What it's about
All Sean Kincaid wanted was to use his Special Operative skills to bring a domestic terrorist to justice. But he left a trail of bodies in his wake: foes, colleagues - and an innocent woman. Now he's pursued by enemies, while desperately searching for a way to make amends.
Deirdre Monahan was expecting a happy afternoon with her cousin Anna. But she found a corpse abandoned like trash - and no one who could tell her why. Now Deirdre's looking for answers, and bent on giving whoever killed Anna the gift of knowing Deirdre's pain.
In Ashes, Sean sacrificed everything. In this thrilling sequel, there will be ... a Reckoning.
Reckoning is now available in print and in ebook for Kindle and other readers.
Read an excerpt from Reckoning
Deirdre Monahan tossed her purse and a bag full of dirty laundry onto the passenger seat of her truck, then sat down in the driver's seat. She'd had the truck since high school and it still ran well. The trick was getting it to run. You had to push the clutch in just so, give it precisely this much gas, and then — success.
"Good girl." Deirdre patted the dashboard. She was fond of the truck, faulty starter and all, and even more fond of it since the divorce had gone through. Her mother couldn't understand why she had let Randy have the Mustang; couldn't understand why Deirdre took as little of the things she and Randy had bought together as she could live without.
It was simple, really. She wanted to start over, on her own. Once her anger at Randy for putting them into a debt sinkhole and losing his job and cheating on her with that all-tits-and-no-brains floozy had subsided to a dull roar, once she was faced with legal papers and signatures to end the marriage, she'd found herself wondering what to do with her life. She'd said as much to her cousin Anna, who put things in perspective.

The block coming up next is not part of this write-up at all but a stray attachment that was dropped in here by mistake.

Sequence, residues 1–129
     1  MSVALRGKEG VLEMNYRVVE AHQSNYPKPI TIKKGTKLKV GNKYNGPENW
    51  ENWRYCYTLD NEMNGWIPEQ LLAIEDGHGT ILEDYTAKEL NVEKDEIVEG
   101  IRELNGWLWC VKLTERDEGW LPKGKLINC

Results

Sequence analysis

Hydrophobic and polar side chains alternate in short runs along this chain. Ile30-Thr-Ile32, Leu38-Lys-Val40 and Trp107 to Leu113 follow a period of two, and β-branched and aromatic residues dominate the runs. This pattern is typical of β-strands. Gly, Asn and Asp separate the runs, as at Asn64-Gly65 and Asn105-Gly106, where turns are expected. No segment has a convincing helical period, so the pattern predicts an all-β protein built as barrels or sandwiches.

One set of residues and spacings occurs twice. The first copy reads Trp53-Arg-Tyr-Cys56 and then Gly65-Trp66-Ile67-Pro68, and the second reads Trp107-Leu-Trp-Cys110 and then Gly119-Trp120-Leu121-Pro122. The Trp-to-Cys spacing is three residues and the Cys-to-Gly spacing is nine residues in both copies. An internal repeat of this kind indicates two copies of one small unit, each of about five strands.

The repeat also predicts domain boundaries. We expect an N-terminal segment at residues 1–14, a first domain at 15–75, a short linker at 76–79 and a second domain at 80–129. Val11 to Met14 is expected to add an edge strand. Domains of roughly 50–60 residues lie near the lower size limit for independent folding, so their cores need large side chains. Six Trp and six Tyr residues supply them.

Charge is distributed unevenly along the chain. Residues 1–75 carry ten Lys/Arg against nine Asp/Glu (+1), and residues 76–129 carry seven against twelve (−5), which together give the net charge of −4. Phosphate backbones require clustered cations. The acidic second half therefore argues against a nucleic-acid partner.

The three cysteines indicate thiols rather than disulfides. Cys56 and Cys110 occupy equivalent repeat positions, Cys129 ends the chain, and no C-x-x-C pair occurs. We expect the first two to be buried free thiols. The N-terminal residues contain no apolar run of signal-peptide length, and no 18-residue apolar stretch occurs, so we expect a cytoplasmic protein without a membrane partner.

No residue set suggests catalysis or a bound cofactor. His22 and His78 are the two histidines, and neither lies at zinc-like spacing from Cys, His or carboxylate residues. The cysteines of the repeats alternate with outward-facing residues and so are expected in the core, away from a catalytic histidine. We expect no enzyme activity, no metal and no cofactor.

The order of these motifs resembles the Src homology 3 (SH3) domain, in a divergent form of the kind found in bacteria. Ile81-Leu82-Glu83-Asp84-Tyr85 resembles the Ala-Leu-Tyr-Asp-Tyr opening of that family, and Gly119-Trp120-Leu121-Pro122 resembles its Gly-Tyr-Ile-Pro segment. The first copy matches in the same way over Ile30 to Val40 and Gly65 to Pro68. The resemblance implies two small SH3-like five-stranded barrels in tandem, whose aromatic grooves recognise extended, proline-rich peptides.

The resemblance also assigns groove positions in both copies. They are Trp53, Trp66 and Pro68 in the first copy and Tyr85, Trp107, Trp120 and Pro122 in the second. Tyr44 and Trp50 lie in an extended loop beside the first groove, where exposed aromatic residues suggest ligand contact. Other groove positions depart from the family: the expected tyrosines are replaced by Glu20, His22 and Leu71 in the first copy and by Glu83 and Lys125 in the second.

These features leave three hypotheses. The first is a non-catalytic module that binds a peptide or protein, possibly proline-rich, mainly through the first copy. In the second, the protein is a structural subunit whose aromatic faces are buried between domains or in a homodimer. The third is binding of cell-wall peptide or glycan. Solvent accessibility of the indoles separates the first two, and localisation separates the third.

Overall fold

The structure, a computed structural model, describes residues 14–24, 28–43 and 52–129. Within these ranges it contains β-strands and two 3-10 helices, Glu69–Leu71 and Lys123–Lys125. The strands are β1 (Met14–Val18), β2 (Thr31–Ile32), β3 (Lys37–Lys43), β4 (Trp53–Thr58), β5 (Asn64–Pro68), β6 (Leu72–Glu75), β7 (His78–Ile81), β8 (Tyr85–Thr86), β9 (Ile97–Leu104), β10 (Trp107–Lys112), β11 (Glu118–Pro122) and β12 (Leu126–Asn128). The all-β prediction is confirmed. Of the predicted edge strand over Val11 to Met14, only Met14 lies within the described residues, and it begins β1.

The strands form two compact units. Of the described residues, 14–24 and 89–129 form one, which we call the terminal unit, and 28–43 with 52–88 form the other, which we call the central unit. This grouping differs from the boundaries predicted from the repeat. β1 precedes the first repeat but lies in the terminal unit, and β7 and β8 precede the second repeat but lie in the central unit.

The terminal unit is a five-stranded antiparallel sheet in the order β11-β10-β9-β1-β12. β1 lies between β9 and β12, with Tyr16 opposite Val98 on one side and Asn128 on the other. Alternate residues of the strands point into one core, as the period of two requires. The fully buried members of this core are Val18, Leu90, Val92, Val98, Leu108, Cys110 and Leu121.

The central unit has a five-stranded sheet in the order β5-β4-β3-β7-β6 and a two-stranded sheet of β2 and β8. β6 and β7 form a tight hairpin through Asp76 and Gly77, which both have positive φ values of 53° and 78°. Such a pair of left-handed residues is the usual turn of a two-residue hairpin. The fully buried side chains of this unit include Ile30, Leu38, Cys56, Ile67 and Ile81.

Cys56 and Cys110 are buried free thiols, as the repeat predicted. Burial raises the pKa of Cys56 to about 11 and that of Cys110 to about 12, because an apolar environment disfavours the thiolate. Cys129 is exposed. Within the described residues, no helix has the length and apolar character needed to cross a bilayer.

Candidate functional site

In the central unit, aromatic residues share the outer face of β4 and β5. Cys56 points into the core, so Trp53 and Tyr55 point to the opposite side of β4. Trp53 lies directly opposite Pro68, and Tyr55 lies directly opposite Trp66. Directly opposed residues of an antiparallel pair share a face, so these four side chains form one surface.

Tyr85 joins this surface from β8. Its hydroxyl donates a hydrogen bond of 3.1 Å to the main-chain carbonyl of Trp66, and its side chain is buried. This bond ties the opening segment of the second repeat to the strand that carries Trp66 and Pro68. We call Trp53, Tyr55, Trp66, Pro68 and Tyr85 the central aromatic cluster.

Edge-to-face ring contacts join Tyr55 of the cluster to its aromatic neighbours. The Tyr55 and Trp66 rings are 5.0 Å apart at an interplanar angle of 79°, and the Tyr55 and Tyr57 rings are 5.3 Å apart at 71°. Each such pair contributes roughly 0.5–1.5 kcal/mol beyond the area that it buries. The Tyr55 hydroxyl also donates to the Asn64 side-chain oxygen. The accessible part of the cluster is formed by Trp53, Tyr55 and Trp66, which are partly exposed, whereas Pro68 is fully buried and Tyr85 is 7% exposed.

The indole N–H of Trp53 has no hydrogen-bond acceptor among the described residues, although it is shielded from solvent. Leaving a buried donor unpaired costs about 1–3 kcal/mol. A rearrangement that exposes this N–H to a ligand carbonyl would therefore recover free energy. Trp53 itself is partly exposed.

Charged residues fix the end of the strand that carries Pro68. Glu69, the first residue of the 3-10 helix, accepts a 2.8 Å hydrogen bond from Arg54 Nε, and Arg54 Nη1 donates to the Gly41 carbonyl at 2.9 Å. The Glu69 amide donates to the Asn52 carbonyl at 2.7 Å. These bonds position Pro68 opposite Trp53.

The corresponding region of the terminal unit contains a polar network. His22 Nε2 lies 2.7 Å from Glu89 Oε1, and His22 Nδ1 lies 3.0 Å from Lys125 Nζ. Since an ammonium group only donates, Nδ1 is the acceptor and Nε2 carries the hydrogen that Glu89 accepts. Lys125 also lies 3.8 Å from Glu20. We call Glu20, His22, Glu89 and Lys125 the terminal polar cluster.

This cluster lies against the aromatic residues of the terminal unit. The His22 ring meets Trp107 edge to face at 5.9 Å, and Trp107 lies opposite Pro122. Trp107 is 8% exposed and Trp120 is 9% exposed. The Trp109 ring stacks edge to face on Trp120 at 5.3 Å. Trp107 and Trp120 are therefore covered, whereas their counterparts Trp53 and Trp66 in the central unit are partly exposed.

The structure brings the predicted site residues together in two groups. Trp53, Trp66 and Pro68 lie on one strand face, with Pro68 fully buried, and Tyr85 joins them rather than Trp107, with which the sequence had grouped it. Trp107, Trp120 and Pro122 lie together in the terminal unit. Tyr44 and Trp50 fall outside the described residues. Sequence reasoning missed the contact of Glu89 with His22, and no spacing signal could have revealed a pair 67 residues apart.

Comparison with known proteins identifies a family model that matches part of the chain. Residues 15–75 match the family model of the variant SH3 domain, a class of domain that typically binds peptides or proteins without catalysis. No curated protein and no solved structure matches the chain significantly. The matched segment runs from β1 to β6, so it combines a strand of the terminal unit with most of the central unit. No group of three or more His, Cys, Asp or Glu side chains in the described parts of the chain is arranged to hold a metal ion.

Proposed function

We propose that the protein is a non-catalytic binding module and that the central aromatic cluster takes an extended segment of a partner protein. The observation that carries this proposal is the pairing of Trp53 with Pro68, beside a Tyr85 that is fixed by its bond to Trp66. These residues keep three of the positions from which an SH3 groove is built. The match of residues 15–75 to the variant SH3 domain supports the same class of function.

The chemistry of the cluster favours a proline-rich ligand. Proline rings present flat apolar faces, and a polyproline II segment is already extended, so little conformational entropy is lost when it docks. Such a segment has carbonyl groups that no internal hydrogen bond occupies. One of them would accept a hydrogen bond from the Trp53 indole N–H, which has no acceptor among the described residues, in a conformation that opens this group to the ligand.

"You know what they say, Dee," Anna had said. "Everything happens for a reason. And when life closes a door, it opens a window as well. Did I miss any of the other clichés?"
"Every cloud has a silver lining."
"That too. Take your pick."
Deirdre liked the one about the door and the window best. So she had slammed the door (hoping to catch Randy's fingers in the jamb), and jumped out the window. She jumped out by herself, and that was why she'd kept the truck — she wanted to do this on her own, and she'd never been on her own before. After high school she'd lived with her folks, then with Randy, and now she was twenty-eight and had never had a life she could call hers alone.
So far it was working out all right. The job wasn't the best — she was a clerk at the new Wal-Mart over in Lakeside, but it paid the bills until she could find something she liked better. Likewise the apartment. It was threadbare and she was still living out of boxes, but she liked the freedom of eating whatever she wanted, cleaning up the house when or if she felt like it, and not having to share the TV remote with anyone.